Directed By: Leigh Whannell, Written By: Leigh Whannell, Starring: Elisabeth Moss, Oliver Jackson-Cohen, Aldis Hodge & Storm Reid.
One of the factors I love most about horror movies is how they sometimes reflect issues that affect the world we live in. In this instance, the emotional and psychological abuse that some people weather in toxic relationships. The monsters in these films are exaggerations, sure, but it’s exaggerations that drive a point home most effectively.
The Invisible Man takes the damaged, abusive relationship factor and amplifies it tenfold. The film opens with Cecilia (a superb performance from Elisabeth Moss) executing her plan to escape her cruel and controlling boyfriend Adrian Griffin (Oliver Jackson-Cohen). It’s a powerful and almost uncomfortable opening that sets the film up perfectly, as it has the audience rooting for her instantly and we haven’t even met the film's antagonist at this stage.
Once away, Cecilia goes to live with her policeman friend James (Aldis Hodge) and his daughter, Sydney (Storm Reid). Cecilia is a nervous wreck. Still not convinced she has succeeded in escaping Adrian’s manipulative clutches. Each day she leaves the house in an attempt to retrieve the mail from the box at the end of the yard. Each day she gets a little further before the panic sets in and she races back inside. That is until she gets a visit from her sister Emily (Harriet Dyer).
Emily comes brandishing a letter stating that Adrian is dead. Cecilia is finally free… Or is she? It’s from this moment that the film turns up its creepy factor. Cecilia becomes convinced that not only is Adrian very much alive, but he has found a way to stalk her without being seen.
Of course, nobody believes her. They all think the trauma of her previous relationship has pushed her nerves to breaking point.
The films greatest asset besides its lead actress’s performance is the special effects involved in bringing the invisible villain to life. Or should I say, the lack of them? Don’t go into this film hoping for an updated version of Hollow Man. This film has other tricks up its sleeve to portray an invisible stalker, i.e. filling the negative space in a scene with nothing. Instead, you the viewer are forced to use your other senses in these crucial scenes when Cecilia is creeping around the house trying to prove she isn’t mad, like listening out for a faint floorboard creak or the sound of breathing or anything that will give away the unseen assailants position. It's an impressive technique for getting a cinema audience to shut up and become engaged in the action on the screen. I was so engrossed in trying to catch out the nothingness on the screen that I would become aware of having not breathed for many periods throughout the movie.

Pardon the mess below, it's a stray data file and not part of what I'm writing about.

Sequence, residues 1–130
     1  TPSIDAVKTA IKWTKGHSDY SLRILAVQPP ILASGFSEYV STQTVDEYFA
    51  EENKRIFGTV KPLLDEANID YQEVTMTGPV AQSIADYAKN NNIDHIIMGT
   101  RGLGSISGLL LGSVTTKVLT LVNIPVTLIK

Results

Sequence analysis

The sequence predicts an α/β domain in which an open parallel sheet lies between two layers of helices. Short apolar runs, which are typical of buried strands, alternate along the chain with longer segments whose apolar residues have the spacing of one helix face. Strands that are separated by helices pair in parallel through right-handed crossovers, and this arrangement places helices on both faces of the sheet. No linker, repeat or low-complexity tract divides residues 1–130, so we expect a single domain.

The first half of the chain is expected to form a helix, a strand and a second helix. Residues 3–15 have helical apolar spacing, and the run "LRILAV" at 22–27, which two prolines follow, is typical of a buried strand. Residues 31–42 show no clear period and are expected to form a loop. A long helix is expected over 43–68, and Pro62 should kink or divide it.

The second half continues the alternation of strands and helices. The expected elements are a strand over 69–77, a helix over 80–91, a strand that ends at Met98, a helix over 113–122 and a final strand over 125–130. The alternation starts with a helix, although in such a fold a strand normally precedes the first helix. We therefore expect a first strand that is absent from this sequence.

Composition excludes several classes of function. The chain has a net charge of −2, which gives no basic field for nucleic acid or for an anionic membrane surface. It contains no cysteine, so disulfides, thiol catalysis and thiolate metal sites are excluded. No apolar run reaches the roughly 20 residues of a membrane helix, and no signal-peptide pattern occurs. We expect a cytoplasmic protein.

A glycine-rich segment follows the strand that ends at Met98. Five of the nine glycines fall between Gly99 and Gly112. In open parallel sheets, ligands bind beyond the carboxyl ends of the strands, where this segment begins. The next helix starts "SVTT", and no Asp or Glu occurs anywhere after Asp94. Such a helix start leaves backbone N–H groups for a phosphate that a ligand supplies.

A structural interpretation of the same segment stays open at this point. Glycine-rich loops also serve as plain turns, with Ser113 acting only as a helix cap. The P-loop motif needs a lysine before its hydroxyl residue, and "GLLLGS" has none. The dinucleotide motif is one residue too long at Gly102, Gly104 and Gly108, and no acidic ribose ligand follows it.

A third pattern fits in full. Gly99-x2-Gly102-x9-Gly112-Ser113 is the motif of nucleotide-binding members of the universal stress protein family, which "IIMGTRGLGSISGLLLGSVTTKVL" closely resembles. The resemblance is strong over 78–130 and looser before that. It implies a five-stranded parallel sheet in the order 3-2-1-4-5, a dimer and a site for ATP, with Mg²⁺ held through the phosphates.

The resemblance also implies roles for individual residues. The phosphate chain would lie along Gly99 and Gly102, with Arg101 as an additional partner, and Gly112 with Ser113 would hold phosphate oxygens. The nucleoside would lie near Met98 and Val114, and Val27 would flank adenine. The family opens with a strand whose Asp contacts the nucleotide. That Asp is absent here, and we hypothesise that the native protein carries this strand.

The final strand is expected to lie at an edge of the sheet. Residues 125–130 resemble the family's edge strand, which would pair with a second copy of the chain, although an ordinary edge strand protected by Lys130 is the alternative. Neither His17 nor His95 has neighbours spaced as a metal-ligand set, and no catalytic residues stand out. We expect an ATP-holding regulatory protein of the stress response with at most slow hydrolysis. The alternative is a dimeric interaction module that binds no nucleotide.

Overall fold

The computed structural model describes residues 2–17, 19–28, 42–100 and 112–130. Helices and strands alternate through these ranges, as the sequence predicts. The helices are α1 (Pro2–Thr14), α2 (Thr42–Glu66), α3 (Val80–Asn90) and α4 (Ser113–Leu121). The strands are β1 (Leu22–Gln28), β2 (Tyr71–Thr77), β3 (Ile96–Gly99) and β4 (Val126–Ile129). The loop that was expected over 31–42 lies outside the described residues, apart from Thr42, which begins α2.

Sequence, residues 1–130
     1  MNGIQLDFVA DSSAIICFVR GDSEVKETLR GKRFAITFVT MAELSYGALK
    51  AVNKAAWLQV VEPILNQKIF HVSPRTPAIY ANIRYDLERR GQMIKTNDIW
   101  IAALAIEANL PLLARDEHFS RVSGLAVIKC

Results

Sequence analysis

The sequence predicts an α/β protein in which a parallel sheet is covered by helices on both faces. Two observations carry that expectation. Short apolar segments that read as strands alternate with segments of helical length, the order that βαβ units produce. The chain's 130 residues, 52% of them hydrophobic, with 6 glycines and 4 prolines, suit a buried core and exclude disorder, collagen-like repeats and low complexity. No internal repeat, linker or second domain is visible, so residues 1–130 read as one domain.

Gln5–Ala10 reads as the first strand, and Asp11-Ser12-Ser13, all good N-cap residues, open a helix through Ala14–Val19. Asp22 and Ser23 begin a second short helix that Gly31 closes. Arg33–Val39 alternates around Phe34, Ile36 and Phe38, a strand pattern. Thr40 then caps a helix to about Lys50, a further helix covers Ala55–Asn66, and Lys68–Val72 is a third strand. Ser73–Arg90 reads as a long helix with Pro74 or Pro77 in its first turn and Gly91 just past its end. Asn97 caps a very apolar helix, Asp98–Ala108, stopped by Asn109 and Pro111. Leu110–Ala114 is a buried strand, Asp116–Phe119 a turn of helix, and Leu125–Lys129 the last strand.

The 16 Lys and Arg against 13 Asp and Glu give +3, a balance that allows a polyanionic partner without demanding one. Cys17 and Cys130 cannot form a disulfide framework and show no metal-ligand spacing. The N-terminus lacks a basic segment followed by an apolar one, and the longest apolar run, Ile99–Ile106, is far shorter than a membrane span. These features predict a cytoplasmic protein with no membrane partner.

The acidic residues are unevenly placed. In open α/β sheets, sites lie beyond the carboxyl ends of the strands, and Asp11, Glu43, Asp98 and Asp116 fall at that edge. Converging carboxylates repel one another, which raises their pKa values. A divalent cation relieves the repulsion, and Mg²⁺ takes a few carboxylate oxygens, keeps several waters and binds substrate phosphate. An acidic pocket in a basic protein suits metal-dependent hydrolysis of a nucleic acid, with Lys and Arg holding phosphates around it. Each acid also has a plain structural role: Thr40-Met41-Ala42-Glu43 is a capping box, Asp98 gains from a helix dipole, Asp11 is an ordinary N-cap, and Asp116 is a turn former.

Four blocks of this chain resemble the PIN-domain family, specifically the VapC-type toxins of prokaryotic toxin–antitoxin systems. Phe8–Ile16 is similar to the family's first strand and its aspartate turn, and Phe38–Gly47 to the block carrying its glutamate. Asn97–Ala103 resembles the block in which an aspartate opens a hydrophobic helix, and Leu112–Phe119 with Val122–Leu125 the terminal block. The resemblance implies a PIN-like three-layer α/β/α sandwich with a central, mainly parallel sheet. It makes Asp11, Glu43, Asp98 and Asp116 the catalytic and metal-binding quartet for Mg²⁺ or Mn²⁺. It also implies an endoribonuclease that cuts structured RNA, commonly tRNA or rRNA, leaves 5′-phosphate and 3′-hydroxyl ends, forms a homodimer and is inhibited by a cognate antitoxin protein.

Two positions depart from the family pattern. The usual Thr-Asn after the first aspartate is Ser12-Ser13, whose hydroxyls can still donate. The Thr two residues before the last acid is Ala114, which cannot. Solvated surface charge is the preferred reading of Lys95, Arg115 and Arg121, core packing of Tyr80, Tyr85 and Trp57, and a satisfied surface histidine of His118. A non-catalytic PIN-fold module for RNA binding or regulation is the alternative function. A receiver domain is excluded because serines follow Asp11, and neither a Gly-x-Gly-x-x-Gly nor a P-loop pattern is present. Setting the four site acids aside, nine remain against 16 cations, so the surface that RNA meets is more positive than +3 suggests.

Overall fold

Of course, there are special effects involved in bringing the invisible man to life and they are spectacular, and all the more impressive as they are used so sparsely throughout the film. The premise behind Griffin’s ability to appear invisible is also more grounded in reality. We don’t have the ‘mad scientist drinks a formula’ as is usually the case. Griffin uses a technology that as far as I’m aware actually exists to this day. Although the tech on display here is far more remarkable and effective.
I want to gloss back over Elizabeth Moss’s performance. It’s wonderful and possibly the strongest performance I have seen in a movie of this type for many years. Moss, sells every scene, whether she appears hysterical and scared witless or determining that enough is enough and she would rather stand and fight than run anymore. The film may be titled The Invisible Man, but this is Cecilia’s movie and Elisabeth Moss does a brilliant job of putting the audience in her shoes.
I don’t think director, Leigh Whannell gets enough credit. Not only is he the brains behind the original Saw film but he also wrote and directed 2018s fantastic ‘Upgrade’. Whannell has crafted a strong, genuinely scary film, that not only serves to bring a fresh spin on a classic cinema monster but also acts as a very relevant take on the horrors of domestic abuse.
Everything from the way the film is shot to its magnificent atmospheric score by Benjamin Wallfisch works to only make the film that much more intense. I can’t speak highly enough of The Invisible Man. It will take a strong movie to knock this from my number one horror movie of 2020 spot.
If you’re planning on seeing The Invisible Man, I urge you to see it in a theatre if you truly wish to experience the nail-biting thrills this movie dishes up.